Tax is a social contract with society and businesses have a duty to pay their fair share
Tax avoidance is one of the public’s biggest concerns when it comes to corporate conduct. Offshore tax havens, complex schemes, household names which grow bigger and bigger and yet their contribution to the Exchequer seems to diminish.
Rightly, the public are demanding large businesses are held to account. That the rules and standards that HMRC applies to them are stringently applied to businesses too.
Fair Tax Mark polling this week has confirmed again just how much the public cares. In fact I describe the public as seething with anger at the alleged tax avoidance of some companies. If ever there was an example of how ‘we are not all in it together’ it is the notion that those with the powers of wealth and power can pull those levers to their own advantage. This is hugely damaging to society.
What I find frustrating is that a few bad apples can tarnish the reputation of so many. Profitable companies like SSE create hundreds of thousands of direct and indirect jobs, build and upgrade essential infrastructure to keep the lights on and its tax contributions help support the services we all need to thrive. Tax pays for the schools we learned in, the hospitals that treat us, the roads that get our goods to market and the security we get from emergency services.
Tax is a social contract with society and it goes without saying it is businesses’ duty to pay their fair share.
SSE was the first FTSE 100 company to be accredited with the Fair Tax Mark in 2014. It took the decision to seek independent verification that is pays the right tax, at the right time and in the right way as a response to the growing public mistrust in corporate behaviour.
The values espoused through Fair Tax Mark accreditation – give a signal of the sort of economy and society we believe in.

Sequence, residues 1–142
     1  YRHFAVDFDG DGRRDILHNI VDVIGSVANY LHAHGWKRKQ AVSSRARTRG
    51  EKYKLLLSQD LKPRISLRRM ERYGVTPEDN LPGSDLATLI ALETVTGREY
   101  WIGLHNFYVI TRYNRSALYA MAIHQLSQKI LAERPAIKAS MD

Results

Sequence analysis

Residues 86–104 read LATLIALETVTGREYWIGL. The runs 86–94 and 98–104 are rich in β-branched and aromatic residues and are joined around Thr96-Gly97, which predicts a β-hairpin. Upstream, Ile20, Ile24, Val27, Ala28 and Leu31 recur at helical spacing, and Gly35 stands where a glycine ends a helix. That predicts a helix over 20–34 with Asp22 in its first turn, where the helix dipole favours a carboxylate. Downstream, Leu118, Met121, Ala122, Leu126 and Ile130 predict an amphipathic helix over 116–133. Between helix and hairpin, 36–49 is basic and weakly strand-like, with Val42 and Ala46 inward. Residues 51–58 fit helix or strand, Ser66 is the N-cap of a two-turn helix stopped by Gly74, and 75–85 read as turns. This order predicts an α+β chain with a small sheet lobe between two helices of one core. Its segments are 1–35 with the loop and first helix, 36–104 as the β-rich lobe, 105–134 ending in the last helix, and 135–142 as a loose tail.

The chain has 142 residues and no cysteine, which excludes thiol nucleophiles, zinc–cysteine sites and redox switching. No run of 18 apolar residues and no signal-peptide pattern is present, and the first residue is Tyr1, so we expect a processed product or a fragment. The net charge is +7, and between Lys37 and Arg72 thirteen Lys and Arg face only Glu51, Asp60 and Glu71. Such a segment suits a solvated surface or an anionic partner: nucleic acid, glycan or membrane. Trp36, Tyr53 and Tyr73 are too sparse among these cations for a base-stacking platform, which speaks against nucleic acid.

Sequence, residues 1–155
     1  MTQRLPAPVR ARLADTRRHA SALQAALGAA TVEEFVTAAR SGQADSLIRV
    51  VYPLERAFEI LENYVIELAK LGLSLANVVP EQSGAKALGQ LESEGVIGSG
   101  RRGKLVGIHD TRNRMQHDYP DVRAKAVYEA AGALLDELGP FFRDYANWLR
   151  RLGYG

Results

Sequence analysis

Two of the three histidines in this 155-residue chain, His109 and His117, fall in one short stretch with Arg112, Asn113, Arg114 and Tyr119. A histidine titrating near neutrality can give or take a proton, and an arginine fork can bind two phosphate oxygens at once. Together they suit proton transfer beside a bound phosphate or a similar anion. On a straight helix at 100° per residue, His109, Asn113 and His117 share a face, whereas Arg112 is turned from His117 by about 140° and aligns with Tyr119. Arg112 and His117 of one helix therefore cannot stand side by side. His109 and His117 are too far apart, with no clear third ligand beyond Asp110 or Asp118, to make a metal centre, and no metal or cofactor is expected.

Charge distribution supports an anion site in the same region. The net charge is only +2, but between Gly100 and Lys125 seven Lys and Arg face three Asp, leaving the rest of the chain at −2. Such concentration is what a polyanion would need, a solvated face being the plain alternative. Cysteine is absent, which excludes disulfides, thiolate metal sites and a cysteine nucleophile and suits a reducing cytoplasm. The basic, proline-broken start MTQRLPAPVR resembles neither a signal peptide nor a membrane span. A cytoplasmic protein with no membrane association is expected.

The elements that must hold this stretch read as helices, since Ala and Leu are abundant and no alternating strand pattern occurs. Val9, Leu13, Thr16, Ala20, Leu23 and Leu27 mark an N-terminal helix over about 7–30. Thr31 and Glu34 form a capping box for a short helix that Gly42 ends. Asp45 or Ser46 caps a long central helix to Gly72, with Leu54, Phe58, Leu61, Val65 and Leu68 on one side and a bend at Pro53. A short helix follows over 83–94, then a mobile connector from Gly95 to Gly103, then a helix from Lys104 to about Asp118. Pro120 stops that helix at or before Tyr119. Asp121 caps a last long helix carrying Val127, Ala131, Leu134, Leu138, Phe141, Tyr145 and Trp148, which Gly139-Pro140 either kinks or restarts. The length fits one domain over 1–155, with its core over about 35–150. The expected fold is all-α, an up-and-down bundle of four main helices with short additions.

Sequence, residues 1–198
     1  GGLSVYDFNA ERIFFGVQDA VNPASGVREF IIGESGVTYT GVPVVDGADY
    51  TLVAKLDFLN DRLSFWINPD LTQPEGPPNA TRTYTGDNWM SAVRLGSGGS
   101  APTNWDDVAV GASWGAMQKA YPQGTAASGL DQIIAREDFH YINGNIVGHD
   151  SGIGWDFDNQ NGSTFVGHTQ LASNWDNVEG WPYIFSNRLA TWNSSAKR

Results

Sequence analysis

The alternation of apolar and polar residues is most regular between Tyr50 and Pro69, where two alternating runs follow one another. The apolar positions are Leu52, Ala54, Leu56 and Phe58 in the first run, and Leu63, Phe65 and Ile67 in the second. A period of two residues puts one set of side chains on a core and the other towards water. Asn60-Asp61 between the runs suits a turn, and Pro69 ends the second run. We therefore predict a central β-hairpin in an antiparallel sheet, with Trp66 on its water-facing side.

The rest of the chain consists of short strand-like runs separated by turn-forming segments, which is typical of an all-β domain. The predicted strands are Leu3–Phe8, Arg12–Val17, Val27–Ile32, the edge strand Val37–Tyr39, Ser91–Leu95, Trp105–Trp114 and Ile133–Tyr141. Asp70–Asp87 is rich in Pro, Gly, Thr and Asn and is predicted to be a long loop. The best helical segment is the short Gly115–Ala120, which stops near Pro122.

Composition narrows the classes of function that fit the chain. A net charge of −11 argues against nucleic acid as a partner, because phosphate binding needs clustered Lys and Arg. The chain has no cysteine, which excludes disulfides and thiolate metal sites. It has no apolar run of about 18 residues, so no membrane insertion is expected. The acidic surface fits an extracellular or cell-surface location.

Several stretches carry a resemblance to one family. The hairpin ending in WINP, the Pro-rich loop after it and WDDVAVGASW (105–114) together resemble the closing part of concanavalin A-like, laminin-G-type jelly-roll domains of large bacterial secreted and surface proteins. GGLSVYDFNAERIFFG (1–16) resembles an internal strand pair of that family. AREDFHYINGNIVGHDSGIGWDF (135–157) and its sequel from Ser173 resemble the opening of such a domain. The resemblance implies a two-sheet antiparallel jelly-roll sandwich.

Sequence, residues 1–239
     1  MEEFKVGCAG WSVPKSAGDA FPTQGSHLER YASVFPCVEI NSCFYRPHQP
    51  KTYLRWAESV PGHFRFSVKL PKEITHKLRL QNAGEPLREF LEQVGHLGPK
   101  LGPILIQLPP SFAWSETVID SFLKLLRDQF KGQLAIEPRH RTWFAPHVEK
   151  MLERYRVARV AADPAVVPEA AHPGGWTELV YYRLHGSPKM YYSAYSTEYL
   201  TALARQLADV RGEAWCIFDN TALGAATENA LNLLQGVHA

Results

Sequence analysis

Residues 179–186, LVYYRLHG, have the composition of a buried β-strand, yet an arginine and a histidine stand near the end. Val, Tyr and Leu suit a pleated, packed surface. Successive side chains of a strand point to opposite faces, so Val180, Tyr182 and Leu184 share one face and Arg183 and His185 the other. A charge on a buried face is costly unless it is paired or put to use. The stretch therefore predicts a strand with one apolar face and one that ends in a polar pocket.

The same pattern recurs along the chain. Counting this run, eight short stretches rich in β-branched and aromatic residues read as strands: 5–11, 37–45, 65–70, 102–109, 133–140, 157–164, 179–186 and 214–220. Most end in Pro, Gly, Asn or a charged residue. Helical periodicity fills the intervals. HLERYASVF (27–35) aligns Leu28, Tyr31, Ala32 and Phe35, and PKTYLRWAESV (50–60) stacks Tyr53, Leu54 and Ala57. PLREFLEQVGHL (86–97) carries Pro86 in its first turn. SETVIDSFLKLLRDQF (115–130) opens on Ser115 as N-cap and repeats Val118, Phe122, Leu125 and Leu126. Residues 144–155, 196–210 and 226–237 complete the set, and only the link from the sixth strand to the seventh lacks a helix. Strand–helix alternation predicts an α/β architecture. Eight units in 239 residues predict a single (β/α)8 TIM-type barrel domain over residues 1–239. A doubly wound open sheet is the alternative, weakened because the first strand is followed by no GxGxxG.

And we want more companies to join us.
Businesses concerned about the connection they have with their customers, might want to consider carefully the role a progressive stance on corporation tax might make to their relationship with their customers.
Companies can’t focus simply on rules and compliance. They need to focus on ethical values too. A firm’s position on responsible tax, accredited by an independent third party – is a statement loaded with values and – I believe - helps support the reinforcement of a healthy, ethical business culture and gives a platform for balanced, inclusive economic growth in every part of the British Isles.
Finally, if customers and business ethics haven’t yet persuaded some companies to have a positive position on tax then perhaps their shareholders might.
Increasingly shareholders and institutional investors are looking at this issue and the material risk to businesses. There’s been a very significant shift in shareholder appreciation of a company’s wider impact on society and the environment and how positive impacts can generate wider value for shareholders and society. Investors have told us at SSE that our tax position is something they consider to represent the good management of political and regulatory risk.
Momentum is growing but more businesses should be taking a careful look at what more they can do to be transparent on tax and the Fair Tax Mark would be a good place to start.
Rachel McEwen, SSE’s Director of Sustainability, spoke at the Scottish Parliament today outlining why more businesses should join the fair tax movement.